2. The personal computer is now a necessity of scholarly life, but in its early days it was considerably more expensive in relation to now and early purchasers were enthusiasts and those in the know about computing.

      I did not think that computers were more expensive back then than they are now. If you look at iMac's and MacBook airs, they are well in the 2000 dollar range if you buy them brand new. Prices of phones, tablets and computers have gone up considerably so I wonder how much they were valued at in the 80s and 90s.

    3. If any single-word term can be used to describe this period, it would almost certainly be "consolidation." More people were using methodologies developed during the early period. More electronic texts were being created and more projects using the same applications were started. Knowledge of what is possible had gradually spread through normal scholarly channels of communication, and more and more people had come across computers in their everyday life and had begun to think about what computers might do for their research and teaching. The diffusion of knowledge was helped not only by Computers and the Humanities but also by a regular series of conferences. The 1970 symposium in Cambridge was the start of a biennial series of conferences in the UK, which became a major focal point for computing in the humanities. Meetings in Edinburgh (1972), Cardiff (1974), Oxford (1976), Birmingham (1978), and Cambridge (1980) all produced high-quality papers.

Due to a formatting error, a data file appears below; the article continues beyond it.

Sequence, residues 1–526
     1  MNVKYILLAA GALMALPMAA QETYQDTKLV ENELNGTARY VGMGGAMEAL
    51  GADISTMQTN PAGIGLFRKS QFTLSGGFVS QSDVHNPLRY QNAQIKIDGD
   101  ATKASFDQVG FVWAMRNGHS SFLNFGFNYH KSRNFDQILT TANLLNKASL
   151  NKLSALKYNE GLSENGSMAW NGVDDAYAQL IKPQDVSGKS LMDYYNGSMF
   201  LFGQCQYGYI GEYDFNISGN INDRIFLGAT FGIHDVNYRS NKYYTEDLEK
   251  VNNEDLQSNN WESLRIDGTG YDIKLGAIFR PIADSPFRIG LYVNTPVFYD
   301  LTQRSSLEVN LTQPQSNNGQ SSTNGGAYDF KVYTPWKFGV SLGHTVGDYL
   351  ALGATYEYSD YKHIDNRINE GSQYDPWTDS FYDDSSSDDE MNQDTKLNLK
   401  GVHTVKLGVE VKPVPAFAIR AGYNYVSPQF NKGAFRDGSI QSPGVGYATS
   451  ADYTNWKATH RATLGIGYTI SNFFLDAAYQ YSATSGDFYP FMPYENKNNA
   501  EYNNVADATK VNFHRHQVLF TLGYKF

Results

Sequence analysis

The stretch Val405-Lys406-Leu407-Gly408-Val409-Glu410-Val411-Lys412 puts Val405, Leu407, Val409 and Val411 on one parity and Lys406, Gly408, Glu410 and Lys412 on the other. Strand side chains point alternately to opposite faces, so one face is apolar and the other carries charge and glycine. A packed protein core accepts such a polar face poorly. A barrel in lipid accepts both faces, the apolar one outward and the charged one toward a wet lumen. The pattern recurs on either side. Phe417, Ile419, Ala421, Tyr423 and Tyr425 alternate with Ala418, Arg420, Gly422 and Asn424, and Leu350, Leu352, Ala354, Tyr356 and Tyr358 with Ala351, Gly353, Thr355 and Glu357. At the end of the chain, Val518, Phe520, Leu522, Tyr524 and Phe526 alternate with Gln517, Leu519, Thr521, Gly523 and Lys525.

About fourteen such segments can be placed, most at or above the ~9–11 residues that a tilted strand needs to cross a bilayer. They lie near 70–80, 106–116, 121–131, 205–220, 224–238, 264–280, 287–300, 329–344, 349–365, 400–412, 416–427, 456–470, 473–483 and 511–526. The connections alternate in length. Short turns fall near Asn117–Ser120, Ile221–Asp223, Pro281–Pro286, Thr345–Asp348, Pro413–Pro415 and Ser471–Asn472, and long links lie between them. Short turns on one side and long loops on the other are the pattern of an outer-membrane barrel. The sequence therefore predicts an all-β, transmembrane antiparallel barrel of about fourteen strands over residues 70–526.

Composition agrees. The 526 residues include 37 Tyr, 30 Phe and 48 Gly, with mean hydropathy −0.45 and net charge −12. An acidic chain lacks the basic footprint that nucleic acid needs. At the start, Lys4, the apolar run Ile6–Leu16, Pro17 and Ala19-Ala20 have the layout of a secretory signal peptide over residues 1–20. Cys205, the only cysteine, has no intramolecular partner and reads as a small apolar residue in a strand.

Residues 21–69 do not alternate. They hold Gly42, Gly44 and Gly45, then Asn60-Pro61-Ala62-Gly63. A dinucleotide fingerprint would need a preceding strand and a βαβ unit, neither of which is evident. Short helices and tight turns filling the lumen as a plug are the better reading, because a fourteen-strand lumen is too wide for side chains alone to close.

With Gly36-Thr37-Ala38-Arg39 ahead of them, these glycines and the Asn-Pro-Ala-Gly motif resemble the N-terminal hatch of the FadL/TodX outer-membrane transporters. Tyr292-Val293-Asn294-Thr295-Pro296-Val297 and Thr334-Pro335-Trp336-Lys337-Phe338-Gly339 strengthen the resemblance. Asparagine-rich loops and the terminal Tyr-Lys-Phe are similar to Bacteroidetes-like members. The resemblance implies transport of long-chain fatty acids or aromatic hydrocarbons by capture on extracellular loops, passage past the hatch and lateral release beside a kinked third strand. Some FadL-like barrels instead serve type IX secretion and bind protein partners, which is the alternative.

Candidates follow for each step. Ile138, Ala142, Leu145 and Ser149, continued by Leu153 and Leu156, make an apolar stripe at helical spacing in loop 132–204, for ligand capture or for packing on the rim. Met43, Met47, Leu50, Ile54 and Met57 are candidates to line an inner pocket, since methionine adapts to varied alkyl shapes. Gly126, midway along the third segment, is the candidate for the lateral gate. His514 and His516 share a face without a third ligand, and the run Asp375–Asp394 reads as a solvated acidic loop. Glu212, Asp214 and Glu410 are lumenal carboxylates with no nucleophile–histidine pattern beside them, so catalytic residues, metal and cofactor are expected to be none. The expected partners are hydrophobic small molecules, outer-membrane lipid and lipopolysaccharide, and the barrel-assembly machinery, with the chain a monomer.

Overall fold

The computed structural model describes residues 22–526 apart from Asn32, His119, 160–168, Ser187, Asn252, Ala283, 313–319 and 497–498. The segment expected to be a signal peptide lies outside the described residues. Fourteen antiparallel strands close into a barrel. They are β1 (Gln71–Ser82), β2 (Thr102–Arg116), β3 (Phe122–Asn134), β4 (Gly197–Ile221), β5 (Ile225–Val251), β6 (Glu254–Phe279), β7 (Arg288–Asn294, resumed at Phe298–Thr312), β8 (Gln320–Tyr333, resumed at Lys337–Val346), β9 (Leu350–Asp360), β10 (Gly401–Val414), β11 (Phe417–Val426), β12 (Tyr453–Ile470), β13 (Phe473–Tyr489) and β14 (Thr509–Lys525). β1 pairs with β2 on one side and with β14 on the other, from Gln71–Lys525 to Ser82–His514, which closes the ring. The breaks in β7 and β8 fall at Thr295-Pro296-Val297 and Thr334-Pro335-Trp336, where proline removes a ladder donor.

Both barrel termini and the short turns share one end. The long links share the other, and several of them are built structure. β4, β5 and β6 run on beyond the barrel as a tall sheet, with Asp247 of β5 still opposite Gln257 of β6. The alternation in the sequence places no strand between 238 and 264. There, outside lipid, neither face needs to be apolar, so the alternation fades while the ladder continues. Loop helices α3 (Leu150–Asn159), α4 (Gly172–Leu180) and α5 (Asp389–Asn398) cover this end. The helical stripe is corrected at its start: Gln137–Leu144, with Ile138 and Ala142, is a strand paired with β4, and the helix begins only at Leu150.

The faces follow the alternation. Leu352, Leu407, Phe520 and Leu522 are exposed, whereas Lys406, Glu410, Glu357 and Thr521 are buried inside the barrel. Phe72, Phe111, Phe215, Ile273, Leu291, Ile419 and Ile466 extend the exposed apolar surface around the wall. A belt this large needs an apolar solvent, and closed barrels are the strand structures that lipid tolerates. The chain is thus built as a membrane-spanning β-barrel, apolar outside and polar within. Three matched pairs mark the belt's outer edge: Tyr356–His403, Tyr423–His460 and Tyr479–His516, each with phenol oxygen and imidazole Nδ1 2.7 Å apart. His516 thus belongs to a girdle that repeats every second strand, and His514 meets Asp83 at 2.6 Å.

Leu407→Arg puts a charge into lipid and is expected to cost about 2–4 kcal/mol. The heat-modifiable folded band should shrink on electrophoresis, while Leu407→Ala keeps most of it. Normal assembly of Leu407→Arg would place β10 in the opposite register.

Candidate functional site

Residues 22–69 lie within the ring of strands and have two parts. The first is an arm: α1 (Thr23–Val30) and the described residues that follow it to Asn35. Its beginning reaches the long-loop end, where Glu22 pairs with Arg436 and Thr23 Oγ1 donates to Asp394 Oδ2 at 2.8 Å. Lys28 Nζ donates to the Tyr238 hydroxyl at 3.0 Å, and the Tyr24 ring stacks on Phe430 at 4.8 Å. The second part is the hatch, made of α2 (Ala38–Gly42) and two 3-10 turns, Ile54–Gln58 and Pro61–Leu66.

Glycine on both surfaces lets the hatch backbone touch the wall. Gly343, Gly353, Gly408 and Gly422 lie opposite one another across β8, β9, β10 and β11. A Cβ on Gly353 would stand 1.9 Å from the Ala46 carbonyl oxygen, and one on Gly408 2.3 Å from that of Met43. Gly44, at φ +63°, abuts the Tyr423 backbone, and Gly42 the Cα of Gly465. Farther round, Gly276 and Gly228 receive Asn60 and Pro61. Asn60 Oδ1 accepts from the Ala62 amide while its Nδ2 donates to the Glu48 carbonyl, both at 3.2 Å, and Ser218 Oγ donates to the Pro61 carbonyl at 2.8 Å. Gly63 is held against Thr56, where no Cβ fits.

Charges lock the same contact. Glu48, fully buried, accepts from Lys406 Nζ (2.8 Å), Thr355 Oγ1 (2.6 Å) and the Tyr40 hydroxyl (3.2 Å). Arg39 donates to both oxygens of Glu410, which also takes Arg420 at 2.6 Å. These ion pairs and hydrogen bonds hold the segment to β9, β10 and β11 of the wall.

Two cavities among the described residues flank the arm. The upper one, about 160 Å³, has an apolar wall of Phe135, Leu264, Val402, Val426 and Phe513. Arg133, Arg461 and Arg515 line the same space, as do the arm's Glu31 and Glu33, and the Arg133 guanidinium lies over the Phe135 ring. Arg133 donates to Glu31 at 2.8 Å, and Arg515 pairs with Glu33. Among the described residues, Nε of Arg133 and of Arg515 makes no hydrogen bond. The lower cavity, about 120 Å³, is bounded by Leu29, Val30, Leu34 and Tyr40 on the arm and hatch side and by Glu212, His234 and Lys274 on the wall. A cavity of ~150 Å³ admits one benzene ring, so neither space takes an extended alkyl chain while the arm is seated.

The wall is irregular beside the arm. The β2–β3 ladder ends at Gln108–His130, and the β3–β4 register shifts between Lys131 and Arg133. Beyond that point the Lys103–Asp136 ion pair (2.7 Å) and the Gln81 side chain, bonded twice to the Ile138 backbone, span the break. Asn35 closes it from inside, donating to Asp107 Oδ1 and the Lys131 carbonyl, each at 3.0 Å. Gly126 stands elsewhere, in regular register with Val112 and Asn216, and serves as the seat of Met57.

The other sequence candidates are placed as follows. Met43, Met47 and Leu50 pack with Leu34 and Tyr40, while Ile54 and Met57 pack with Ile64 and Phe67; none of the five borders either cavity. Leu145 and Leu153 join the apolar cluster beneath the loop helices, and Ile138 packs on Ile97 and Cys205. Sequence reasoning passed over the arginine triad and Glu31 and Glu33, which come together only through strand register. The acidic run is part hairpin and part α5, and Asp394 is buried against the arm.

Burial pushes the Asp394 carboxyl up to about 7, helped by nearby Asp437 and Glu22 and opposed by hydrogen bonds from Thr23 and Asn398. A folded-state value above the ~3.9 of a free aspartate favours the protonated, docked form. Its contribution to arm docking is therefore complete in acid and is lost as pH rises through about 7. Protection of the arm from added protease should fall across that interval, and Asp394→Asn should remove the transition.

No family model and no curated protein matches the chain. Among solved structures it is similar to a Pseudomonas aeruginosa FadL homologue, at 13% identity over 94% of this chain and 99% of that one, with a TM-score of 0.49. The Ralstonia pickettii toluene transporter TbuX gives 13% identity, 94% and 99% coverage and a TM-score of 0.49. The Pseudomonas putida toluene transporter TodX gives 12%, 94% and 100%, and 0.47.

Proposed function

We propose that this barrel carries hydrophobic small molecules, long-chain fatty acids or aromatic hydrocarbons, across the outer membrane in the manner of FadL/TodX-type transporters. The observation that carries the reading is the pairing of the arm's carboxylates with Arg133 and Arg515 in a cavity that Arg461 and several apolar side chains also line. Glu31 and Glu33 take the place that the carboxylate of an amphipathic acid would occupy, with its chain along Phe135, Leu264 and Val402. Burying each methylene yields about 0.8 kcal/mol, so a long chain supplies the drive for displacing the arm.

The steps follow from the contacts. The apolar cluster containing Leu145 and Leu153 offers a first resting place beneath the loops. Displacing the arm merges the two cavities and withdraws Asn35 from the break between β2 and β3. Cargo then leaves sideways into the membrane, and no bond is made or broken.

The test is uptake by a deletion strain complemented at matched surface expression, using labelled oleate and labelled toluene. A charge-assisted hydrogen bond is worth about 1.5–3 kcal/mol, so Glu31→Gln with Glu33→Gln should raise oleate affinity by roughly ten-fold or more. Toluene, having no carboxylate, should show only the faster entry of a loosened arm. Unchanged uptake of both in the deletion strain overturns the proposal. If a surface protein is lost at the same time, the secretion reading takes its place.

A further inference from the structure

I like the part that says "if any single-word term can be used to describe this period, it would almost certainly be "consolidation"". Computers have not been around for very long but their technology very quickly started advancing. Everything was then consolidated into one place: the computer. It seems like in the 70's and 80's people began to realize what a computer could do for them. I think it is interesting that the "diffusion of knowledge" was not just done through computers, it was still being done at conferences as well. People were using a combination of computers, technology, and conferences to share their knowledge. I think that is a piece of what digital humanities is.

    4. Published in 1962, this study did not use a computer to make the word counts, but did use machine calculations which helped Ellegard get an overall picture of the vocabulary from hand counts (Ellegard 1962). What is probably the most influential computer-based authorship investigation was also carried out in the early 1960s.